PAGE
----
Our preview of the AL East next brings us to the Tampa Bay Rays, the defending American League champs. Coming into being in 1998, the Rays spent their first ten years in the AL East cellar (except for one triumphant 4th place finish in 2004, when they won a up-until-last-year franchise record 70 games), but burst out of there last year with 97 wins and an AL pennant. Contrary to the popular, simplified story that you’ll see in a lot of preview columns, the Rays did not come “out of nowhere”. With a smart front office making good decisions, especially in the draft, the Rays had been building up young talent for years, and, along with some smart trades last winter, they all came together for a terrific year. Rays fans can feel pretty good, then, knowing that their World Series team isn’t going anywhere for a while.
As before, this preview is meant to be a summary of what the three main baseball preview magazines are saying about the team’s 2009 season. I’ve included quotes and other information from each of the them – Sporting News, Athlon, and Lindy’s. I’ve also included some statistics about each magazines’ success at predictions over the last ten years. Be sure to check out the Team-by-Team Season Preview index for other guide previews over the next few weeks.
My original intention was to completely refrain from providing any opinion. I was afraid that I would have too much to say about some teams and too little about others. But, after doing a few of these now, I feel like there’s room for some personal commentary. I think it’ll add a little bit of personality to the preview. But I don’t want to make my opinion the focus of the post, so I’ll put it near the end. Please feel free to ignore it; I’ve never claimed to be the most knowledgeable person when it comes to all 30 teams. With that said, on with the “combined” team preview for the…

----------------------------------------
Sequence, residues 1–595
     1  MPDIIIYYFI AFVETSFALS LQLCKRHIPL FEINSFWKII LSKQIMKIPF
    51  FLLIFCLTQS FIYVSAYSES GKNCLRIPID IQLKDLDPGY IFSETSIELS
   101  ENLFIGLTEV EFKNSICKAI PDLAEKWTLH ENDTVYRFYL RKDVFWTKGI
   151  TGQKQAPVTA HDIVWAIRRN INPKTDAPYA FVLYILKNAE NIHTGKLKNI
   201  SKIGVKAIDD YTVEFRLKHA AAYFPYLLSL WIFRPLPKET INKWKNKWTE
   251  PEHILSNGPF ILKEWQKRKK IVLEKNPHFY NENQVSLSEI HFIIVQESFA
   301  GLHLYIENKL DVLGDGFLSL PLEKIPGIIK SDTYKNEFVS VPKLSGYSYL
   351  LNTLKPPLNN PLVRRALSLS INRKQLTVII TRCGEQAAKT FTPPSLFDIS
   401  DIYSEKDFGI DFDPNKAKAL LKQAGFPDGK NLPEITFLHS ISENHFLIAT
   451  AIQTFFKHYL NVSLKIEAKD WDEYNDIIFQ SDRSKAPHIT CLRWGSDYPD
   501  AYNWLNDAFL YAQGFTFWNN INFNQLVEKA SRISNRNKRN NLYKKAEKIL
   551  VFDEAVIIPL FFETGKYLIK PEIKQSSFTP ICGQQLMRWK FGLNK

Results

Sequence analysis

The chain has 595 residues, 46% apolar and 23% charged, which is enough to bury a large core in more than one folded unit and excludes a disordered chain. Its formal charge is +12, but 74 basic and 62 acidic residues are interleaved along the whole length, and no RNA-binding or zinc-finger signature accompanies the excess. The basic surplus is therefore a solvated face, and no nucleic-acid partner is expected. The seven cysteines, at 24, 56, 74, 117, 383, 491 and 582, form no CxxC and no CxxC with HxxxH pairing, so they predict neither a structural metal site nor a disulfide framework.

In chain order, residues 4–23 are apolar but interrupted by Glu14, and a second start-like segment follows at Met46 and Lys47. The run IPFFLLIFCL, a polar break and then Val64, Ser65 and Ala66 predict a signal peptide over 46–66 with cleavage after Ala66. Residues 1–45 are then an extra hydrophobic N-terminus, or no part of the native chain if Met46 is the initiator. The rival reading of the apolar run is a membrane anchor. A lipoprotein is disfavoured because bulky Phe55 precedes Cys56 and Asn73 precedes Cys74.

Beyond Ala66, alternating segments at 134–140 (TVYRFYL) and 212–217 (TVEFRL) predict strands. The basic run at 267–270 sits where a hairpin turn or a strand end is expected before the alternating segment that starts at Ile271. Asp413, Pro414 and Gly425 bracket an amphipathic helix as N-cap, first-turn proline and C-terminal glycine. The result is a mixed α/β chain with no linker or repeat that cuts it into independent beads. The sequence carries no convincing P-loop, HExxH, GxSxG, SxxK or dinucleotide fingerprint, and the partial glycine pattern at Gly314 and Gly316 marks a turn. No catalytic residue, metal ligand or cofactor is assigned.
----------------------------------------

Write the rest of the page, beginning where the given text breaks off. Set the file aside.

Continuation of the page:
Tampa Bay Rays
Last Year: 97 – 65, 1st Place, AL East
|This Year||Last Year||Avg Pred.||Avg Finish|
* Sporting News average includes preview guides from these years: 1999 – 2001, 2003 – 2004, 2006 – 2008
** Athlon average includes preview guides from these years: 1999 – 2003, 2006 – 2008
The Rays surprised everybody last year to win 97 games, take the division, and steal the pennant from the defending champions. Everyone expected the team to be better than 2007, but no one expected this level of success. How the young club handles its new position as defending AL champions will go a long way in determining its success in 2009.
“The Tampa Bay Rays’ dream fell three games short of completion, ending on the field at Citizens Bank Park in Philadelphia – where they watched the Phillies celebrate a World Series title at their expense. But in the wake of the loss, manager Joe Maddon made it clear he expected to get another shot at the dream – and soon.
‘We made a powerful statement,’ Maddon said that night. ‘And I view it as just the beginning. A mind, once stretched, has a difficult time going back to its original form. Everything about us has been stretched. And I don’t think our guys are every going to be satisfied going home in October again.’
A powerful statement indeed, coming from a team that finished dead last in the AL East in nine of its first 10 years. Those days faded into memory last season as the Rays muscled their way to a division title and then knocked out Boston, the defending World Series champions, in the ALCS to claim the pennant. (TSN)”
A major part of the Rays’ single-season surge last year was its infield, the all-star Carlos Peña at first and the phenom-who-lived-up-to-all-the-hype Rookie of the Year-winner Evan Longoria at third.
“That 1-for-10 World Series performance notwithstanding, third baseman Evan Longoria doesn’t play as if he’s 23. ‘I hear guys all the time saying, “Man, he’s got an unbelieveable approach up there at the plate, the way he explodes his hips and his bat stays in the strike zone for such a long time,” says James Shields. “It’s amazing.” Longoria and first baseman Carlos Peña, who has 77 homes over the past two seasons, gave the Rays lots of pop and stellar defense at the corner spots. (Lindy’s)”